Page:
So… Jakob Nielsen has released a new report in which he says, essentially, WAP sucks. No surprise. He’s staking out a strong negative position (again) so that he when a significant number of companies fail at WAP (as they did with the web) he can sit back and crow “I told you so!” (as he has with the web) and maintain his chair as the “usability expert’s expert.” Hooey.

The issue – once again – isn’t the technology, so much as how that technology is used to make people’s lives easier. So long as WAP applications (much like Web applications) pass that acid test, people *will use* WAP-driven applications.

The challenge is, of course, that the devices in question (cell-phones, with their very limited display and text input capabilities) make it very difficult to create applications that will pass that test. I don’t pretend that cell-phones will become a browsing platform of choice. Instead, they will prove to be efficient companion devices that enable transactions – buy! sell! contact! – in places and situations that can’t be solved by desktops, notebooks and other “wired” devices.

Jakob offers the following data…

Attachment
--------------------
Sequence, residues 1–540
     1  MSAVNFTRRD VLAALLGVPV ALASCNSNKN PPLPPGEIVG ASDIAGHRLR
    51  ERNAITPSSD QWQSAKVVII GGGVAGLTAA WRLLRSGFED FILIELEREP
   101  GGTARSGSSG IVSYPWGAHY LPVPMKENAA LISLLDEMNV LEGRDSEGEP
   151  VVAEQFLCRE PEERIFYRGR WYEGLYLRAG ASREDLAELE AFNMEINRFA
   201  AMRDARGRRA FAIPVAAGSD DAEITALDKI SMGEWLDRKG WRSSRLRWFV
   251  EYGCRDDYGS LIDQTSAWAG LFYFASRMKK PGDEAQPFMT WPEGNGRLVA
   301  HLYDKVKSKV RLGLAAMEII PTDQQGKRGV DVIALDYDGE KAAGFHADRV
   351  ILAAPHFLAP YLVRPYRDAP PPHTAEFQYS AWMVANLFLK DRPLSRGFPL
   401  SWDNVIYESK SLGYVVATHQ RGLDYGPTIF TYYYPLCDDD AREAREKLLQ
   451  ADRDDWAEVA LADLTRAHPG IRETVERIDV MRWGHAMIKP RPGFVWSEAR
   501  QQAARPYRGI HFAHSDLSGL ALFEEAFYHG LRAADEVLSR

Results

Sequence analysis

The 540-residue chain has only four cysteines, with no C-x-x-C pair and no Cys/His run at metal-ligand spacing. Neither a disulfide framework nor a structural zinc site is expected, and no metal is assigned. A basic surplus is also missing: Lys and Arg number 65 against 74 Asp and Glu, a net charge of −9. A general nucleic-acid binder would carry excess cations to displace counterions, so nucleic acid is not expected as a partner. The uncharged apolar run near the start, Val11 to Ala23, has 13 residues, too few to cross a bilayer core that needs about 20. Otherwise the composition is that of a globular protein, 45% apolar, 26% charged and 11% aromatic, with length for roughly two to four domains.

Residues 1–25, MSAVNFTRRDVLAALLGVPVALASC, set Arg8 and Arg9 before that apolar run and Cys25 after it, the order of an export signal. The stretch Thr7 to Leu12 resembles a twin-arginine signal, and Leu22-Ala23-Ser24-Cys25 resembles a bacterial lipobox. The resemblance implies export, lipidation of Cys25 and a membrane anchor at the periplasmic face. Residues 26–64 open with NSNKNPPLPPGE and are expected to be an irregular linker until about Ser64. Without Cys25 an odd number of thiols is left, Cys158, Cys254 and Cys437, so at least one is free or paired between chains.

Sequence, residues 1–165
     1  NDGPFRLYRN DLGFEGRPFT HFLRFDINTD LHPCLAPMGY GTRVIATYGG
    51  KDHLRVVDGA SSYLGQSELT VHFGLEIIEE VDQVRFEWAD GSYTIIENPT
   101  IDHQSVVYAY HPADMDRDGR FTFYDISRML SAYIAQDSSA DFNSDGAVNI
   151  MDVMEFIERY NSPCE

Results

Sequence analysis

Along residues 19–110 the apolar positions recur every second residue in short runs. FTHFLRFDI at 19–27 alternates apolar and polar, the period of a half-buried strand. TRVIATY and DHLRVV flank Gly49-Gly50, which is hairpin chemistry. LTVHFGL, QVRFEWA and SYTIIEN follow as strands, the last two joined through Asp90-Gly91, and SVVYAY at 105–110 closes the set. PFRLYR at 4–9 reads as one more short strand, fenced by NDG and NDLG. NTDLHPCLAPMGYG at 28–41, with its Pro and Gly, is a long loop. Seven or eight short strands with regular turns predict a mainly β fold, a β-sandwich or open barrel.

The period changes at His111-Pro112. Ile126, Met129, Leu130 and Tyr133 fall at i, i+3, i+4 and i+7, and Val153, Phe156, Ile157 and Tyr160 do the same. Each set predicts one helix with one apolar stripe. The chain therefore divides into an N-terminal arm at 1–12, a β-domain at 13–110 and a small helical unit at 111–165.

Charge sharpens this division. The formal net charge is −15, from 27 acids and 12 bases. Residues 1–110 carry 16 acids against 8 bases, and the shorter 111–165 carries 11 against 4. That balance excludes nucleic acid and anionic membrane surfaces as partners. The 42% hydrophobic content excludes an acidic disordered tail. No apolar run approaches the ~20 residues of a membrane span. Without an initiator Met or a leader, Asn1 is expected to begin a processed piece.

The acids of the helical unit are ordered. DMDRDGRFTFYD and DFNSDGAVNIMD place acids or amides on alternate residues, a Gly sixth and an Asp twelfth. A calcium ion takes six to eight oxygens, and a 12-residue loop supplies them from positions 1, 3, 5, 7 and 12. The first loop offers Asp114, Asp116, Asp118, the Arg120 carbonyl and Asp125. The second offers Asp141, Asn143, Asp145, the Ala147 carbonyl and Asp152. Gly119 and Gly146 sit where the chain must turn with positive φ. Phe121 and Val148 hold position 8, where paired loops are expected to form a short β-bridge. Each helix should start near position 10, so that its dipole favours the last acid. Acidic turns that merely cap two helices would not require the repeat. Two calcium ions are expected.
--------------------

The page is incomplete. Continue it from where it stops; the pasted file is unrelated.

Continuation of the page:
• 70% of the users answered no when asked whether they would like to have a WAP phone within one year, and
  • 20% of the users indicated they would like to get WAP within three years.

Jakob should know by now that it’s not what people say that’s important, it’s what people do. And, in fact, people are buying WAP-enabled phones. Case in point: at, each and every one of the top five selling phones are WAP-enabled. That’s a buying trend that surprises even me, an admitted advocate of the “anywhere you go web”.

Just the same a large number of companies that build WAP-enabled applications will find that those applications aren’t used. Whether that’s because they build the application poorly, interface it badly, try to sell it to people who don’t exist, or to folks who don’t find that application a significantly better resource than what they currently have at their desktop – or on the radio for that matter – there will be failures.

There will, however, also be successes. And I, for one, would prefer to throw my efforts toward fueling success than predicting failure. It’s too bad Jakob can’t be bothered.

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